Craptastical Classics

Don’t look at me like that, Shakespeare. That was my expression when I found out my AP Literature class had a unit based on YOU.

This subject has been touched on a number of times, one most recently by my friend (who happens to feel the same way on this subject as I do), and that’s the subject of classics. Classic books, you know. The really old, really boring, really dull and really horrible books that were written forever ago by currently (and hopefully future) dead people. I might be slightly biased in my thinking, but there you go.

I’m just not a fan of classics, at least not in the way many people believe it should be done. To many, classics are the untouchable, perfect bastions of literary perfection, beacons of awesomeness that can never be recreated or matched by anything ever published ever again. Why? Well… they don’t really ever explain that part. I have never really gotten a straight answer, either.

Don’t get me wrong. If someone likes classics, that’s perfectly fine. Subjectivity and all that. But what is it about them that makes them so perfect? What is it about these obscenely old pieces of writing that makes them some standard that people need to learn about and strive for? What makes them different from any other piece of literature from that time, things that have to be learned by everyone no matter the current era?

That’s something that always bothered me about school, for one. Countless books are published every year, many with so much potential and obvious talent that I wonder why they aren’t more well known. But yet, in most literature classes, it’s always the same stuff with little variation. Always the same long-dead authors being taught in great detail as though nothing published past their time is worth any merit or notice. Why not a unit on Harry Potter, a class that goes in depth about diverse characters, writing multiple plots and planning ahead? Why not a course on Twilight dedicated to showing people the importance of burning things with fire? (I do know there have been a few Harry Potter courses at some colleges, but that’s college for you. Bring it to K-12 and I’ll be satisfied.)

While I can appreciate that many classics are good, and while I can enjoy many of them myself, I guess I just don’t understand what makes them worthy of almost literal worship. They might be good, but in my eyes, they’re still just books (or poems or plays or whatever). They aren’t extra special. They aren’t untouchable, they can be bested, and eventually they may become completely irrelevant.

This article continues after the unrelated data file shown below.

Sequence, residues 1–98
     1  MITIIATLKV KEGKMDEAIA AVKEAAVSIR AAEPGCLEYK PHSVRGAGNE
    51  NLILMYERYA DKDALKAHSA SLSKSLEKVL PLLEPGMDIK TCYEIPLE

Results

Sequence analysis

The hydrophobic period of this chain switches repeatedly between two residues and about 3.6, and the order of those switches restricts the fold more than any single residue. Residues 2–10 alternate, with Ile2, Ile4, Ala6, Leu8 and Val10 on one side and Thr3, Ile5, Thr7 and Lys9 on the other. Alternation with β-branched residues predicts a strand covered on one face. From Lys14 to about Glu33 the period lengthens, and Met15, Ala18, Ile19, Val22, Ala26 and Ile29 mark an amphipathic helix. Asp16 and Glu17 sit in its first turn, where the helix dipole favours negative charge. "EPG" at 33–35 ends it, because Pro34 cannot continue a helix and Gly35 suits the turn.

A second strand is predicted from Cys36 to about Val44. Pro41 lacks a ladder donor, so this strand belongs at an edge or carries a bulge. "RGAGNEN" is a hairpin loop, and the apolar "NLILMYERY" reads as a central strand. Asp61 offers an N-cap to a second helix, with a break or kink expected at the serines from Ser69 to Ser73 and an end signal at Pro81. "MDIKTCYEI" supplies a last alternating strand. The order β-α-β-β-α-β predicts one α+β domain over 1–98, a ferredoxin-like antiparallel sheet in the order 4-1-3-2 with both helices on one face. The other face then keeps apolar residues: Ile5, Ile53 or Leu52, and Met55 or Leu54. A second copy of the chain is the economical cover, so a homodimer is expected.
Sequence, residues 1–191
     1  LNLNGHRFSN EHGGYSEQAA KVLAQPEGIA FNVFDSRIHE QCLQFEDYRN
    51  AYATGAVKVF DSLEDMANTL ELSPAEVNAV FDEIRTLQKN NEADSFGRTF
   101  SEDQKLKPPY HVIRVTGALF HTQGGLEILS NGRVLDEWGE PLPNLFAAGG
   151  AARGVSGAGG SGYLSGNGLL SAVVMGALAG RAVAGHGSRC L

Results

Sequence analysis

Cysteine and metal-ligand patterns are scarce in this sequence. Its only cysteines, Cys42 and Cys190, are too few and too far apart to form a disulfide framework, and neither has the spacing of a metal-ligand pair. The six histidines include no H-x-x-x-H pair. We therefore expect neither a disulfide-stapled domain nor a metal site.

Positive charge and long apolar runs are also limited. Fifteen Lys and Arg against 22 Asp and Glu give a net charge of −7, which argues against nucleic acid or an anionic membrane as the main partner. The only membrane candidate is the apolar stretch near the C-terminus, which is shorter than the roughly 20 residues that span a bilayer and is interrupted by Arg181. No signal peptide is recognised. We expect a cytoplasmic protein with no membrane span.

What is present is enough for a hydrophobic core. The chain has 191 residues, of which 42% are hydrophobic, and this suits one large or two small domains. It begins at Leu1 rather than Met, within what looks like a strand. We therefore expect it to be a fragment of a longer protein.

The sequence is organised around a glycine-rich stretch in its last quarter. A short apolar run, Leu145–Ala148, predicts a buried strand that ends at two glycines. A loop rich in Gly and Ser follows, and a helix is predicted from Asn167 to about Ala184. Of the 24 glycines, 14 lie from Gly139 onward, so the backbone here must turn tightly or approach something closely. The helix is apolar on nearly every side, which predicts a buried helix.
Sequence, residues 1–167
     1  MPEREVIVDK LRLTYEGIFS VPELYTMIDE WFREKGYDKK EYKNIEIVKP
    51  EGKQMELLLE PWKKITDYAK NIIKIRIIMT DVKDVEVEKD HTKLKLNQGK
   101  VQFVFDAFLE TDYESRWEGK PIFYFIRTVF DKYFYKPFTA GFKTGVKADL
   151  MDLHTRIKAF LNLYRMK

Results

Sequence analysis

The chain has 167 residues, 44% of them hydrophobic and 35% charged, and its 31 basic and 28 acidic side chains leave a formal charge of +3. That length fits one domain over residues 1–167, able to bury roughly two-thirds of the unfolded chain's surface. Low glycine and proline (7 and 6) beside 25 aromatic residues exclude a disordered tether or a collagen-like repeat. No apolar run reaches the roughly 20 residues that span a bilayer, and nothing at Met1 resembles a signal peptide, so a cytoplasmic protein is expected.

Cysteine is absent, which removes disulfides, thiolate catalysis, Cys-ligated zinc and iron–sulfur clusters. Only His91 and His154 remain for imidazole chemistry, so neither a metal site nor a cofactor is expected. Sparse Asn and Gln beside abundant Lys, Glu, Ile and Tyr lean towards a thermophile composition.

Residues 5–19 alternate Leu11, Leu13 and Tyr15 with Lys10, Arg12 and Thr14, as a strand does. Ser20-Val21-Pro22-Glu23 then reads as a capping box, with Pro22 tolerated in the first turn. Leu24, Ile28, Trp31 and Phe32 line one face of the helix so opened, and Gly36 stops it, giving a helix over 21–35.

Of course we can still teach people about them. It’d be a shame to deny classics completely, because I feel that there are certain things they can offer us today. But let’s also save some room for other stuff, yeah? Let’s not pretend they’re the only books ever to grace us with their presence. Accept that people will be bored by them, accept that students everywhere would rather eat the pages they’re printed on than read them. Accept that writers of classics were, just as we all are, just human.

What do you think?

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6 thoughts on “Craptastical Classics

  1. Where was this post as I was laboring through English lit? Oh wait, that’s right, the internet hadn’t been invented yet. I may be somewhat of a classic myself now that I think about it. Oh well, no matter. This post is still brilliant and so what I remember thinking when I was a kid.

    • I think it must have been a combination of the works themselves and the teaching style, because literally no one in my classrooms ever liked the stuff we had to read (and there were some smart ones in there). There’s gotta be a way to make that stuff fun… I’d recommend Reduced Shakespeare Company. >.> If you haven’t heard of them, I’d suggest looking them up on YouTube, their plays are amazing.

  2. As you say, “Subjectivity and all that.” I found I loved Shakespeare, Moliere (sp?), Hugo (more or less) – but Ibsen, Chekov, Melville, and others were a waste of ink and time. Then one visionary intern let me read Marion Zimmer Bradley’s Mists of Avalon, for which I will always be thankful. But to the point – what if some of these great works were canonized out of laziness? Or practicality? It must have been hard to update curriculum when the most advanced printing technology you had access to was the ditto machine (or carbon paper). So you stuck with a few works that were decent enough, illustrative of the concepts you had to teach and were generally agreed upon by your faculty peers.

    • Hmm. That’s an interesting hypothesis. Though I would hope that things would start to change now that they are able! I’m sure it takes time to make up new lessons for different literature, but considering how old some of these are, that can only hold out so long…

  3. I tend to agree with you, though I am a huge fan of some of the classics. But I tend to like all the wrong classics. I read Mark Twain out of obligation to the classics, I do like some of Shakespears plays but they are such work to understand that I have only read a small handful, I cannot understand any poetry, and don’t get me started on the bizarre world of the Bronte sisters…but I digress…

    Have you ever read Ella Minnow Pea? This is a moder day work of literary genius. The author toys with the English language as if there were no rules or boundaries. It is currently one of my favorites and I read and reread it quite often. Get that book taught in schools and you will have students studying politics, grammer, and spelling and enjoying it!

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